This paper empirically shows that innovation in Information Technology (IT) has become increasingly dependent on and intertwined with innovation in software. This change in the nature of IT innovation has had differential effects on the performance of the United States and Japan, two of the largest producers of IT globally. We document this linkage between software’s contribution in IT innovation and the differential innovation performance of US and Japanese electronics, semiconductors, and hardware firms. We collect patent data from USPTO in the period 1980-2002 and use a citation function approach to formally show the trend of increasing software dependence of IT innovation. Then, using a broad unbalanced panel of the largest US and Japanese publicly listed IT firms in the period 1983-1999, we show that (a) Japanese IT innovation relies less on software advances than US IT innovation, (b) the innovation performance of Japanese IT firms is increasingly lagging behind that of their US counterparts,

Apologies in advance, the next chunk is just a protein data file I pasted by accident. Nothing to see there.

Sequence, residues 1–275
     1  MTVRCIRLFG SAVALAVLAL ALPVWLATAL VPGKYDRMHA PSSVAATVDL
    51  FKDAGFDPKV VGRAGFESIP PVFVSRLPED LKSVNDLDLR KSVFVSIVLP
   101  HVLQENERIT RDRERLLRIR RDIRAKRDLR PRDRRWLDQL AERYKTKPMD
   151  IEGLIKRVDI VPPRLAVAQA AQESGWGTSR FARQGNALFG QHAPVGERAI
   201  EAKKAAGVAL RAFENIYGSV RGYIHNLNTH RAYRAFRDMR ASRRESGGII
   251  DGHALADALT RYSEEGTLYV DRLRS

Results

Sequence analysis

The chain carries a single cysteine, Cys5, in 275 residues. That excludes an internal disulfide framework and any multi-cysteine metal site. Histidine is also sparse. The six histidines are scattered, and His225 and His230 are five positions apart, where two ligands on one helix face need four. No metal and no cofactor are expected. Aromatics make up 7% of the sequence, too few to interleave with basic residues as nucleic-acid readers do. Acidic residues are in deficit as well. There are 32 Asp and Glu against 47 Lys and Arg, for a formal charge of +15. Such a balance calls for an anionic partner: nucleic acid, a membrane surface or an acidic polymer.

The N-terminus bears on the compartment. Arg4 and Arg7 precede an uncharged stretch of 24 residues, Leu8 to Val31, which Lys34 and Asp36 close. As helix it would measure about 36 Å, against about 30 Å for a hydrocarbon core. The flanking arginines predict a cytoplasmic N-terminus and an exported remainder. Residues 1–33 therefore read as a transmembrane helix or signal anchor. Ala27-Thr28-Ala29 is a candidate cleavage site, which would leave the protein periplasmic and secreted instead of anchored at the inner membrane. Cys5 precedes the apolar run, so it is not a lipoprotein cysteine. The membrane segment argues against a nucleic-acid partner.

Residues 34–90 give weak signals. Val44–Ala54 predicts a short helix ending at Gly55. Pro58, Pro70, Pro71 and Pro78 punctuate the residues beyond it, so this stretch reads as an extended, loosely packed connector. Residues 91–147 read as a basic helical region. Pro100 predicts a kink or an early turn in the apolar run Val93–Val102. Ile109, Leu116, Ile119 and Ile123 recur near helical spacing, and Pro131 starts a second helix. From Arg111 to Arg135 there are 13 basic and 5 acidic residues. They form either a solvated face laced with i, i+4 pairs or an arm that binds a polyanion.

particularly on IT sectors that are more software intensive, and (c) that US IT firms are increasingly outperforming their Japanese counterparts, particularly in more software intensive sectors. The findings of this paper could provide a fresh explanation for the relative decline of the Japanese IT industry in the 1990s.
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